In the Torah section of VaYigash, we read of the rapprochement – at first apprehensive and then joyous – between Joseph’s brothers and Joseph, the heart-warming reunion between Joseph and his father Jacob, the emigration of Jacob and Joseph’s brothers to Egypt and the steps taken by Joseph, Pharaoh’s viceroy, to fight the enormous famine that he had predicted when interpreting Pharaoh’s dream and that hit Egypt and its environs.
To spare themselves, Egyptians sold themselves and their property into servitude to and possessions of Pharaoh in order to be assured enough nourishment to overcome the frightening famine. “Only the land of the priests he did not buy” (Bereshit 47:22). The Egyptian priests’ lands were spared. They were not sold to Pharaoh.
With regards to the aforementioned verse, the medieval Torah exegete, scholar and thinker Isaac Abravanel wonders as to the point of mentioning this fact in the Torah. What importance is there for the Torah to mention Pharaoh’s sparing the priests?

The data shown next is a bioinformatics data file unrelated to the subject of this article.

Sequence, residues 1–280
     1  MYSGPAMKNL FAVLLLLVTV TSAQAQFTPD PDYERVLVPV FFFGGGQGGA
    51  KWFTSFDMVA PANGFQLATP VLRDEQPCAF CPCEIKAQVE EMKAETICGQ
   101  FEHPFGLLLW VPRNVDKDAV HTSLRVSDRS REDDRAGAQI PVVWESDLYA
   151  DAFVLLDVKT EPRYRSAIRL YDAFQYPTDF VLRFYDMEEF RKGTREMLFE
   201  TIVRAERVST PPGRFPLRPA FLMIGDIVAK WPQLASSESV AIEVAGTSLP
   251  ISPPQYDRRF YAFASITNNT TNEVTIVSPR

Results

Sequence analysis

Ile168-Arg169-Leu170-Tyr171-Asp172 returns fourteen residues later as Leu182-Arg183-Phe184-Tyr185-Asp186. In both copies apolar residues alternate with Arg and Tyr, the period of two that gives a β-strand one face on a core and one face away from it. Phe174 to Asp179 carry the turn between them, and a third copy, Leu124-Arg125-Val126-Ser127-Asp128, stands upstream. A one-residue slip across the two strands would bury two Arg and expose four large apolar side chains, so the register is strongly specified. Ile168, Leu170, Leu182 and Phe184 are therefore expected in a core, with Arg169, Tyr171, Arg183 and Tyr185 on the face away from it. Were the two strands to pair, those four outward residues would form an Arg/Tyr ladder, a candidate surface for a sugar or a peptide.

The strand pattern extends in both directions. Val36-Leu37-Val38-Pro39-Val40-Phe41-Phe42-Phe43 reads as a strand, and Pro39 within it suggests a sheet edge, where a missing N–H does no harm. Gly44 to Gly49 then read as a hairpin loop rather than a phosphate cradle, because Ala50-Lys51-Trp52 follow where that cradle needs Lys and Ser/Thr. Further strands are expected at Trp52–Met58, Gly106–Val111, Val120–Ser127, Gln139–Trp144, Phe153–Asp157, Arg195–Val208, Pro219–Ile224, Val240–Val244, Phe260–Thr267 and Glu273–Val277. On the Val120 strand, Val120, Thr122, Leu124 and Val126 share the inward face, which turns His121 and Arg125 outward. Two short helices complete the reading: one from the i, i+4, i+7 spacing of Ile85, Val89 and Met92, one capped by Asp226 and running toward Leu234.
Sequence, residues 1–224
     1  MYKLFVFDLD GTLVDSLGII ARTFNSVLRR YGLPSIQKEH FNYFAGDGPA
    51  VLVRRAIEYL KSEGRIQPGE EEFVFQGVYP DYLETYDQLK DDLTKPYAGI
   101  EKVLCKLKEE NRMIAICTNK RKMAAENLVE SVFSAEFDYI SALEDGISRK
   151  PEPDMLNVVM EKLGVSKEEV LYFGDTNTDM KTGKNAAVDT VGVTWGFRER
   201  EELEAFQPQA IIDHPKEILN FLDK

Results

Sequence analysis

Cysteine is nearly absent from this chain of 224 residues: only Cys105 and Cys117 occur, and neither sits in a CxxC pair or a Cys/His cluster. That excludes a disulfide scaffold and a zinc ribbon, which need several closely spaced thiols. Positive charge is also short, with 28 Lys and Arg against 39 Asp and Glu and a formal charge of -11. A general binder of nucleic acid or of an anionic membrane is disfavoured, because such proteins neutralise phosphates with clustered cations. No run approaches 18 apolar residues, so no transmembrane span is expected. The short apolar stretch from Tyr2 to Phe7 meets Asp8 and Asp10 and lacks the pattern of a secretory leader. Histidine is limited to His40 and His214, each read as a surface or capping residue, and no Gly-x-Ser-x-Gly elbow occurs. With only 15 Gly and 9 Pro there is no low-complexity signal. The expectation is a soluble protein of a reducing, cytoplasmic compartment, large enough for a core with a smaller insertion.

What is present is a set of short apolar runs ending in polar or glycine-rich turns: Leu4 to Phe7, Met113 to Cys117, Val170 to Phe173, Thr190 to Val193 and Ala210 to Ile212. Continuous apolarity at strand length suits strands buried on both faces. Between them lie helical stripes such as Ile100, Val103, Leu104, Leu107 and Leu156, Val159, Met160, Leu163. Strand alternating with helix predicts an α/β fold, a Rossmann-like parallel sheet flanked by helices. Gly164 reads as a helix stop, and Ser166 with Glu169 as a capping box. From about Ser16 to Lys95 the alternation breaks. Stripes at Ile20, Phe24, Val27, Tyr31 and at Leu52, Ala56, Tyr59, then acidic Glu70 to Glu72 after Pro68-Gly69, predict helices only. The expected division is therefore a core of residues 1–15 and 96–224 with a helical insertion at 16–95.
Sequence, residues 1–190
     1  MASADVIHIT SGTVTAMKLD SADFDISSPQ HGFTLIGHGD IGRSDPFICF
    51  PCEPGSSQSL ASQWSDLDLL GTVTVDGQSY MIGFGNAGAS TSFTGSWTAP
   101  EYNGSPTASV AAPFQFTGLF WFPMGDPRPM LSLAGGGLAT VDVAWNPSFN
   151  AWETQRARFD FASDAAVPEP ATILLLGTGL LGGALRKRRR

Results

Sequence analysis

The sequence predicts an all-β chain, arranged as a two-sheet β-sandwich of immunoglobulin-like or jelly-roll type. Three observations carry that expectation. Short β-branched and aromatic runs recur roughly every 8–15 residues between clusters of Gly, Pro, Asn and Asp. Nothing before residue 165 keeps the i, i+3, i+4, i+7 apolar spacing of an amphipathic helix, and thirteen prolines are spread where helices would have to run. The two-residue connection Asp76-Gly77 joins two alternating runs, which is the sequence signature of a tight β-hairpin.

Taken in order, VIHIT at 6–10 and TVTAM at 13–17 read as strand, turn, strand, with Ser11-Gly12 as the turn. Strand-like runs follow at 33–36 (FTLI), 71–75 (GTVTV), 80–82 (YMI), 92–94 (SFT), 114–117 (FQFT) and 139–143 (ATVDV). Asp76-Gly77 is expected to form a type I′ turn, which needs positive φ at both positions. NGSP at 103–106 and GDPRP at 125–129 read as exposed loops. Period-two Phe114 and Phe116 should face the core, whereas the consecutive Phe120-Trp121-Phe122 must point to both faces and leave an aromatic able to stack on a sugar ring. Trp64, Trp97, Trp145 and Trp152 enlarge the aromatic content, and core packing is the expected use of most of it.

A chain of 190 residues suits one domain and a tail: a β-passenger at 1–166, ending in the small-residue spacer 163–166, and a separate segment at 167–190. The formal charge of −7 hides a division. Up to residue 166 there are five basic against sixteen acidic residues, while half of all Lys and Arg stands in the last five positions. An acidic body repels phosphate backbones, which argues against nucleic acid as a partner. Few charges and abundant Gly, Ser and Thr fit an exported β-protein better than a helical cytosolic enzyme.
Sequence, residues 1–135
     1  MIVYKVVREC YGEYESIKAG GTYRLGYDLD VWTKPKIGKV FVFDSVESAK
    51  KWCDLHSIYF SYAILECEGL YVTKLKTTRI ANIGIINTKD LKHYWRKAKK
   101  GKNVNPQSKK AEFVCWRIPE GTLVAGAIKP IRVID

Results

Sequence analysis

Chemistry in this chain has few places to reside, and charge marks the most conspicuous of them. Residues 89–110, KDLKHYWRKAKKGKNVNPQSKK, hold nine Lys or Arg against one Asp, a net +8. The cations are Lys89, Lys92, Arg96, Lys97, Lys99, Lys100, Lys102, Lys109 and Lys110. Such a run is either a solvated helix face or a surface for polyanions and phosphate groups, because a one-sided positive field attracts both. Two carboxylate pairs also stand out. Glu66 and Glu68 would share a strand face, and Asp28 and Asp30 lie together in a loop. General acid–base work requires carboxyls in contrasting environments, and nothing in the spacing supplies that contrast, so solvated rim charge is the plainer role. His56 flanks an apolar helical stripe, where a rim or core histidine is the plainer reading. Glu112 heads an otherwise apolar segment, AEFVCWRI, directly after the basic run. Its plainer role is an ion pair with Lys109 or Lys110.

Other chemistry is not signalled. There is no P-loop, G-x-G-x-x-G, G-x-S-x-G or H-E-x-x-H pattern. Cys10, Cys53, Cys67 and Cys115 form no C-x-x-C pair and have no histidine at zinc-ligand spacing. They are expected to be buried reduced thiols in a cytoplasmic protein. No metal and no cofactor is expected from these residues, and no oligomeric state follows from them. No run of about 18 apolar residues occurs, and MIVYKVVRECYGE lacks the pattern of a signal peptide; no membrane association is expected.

In answer to his query, Abravanel explains that the Torah’s objective is to reinforce the importance of providing our priests (kohanim) and levites (levi’im) with the divinely prescribed tithes (trumot and maasrot) so that they could concentrate on their service to G-d. If the Egyptian citizenry did not complain or protest at the priests attending to their idols being absolved of any effort in procuring sustenance at this most difficult of times, then all the more so should we, children of Israel, be at peace with giving our own priestly clan the prescribed tithes from the lands that we nurture.
Some of us are more involved in the service of G-d than others. Some of us are critical to certain very important facets of His service, as instructed in the Torah. If we are true to G-d’s message set forth in the Torah, then we should gladly part with some of our possessions in order to fortify His message. If other peoples can, as pointed out above with regards to this verse, then certainly can we.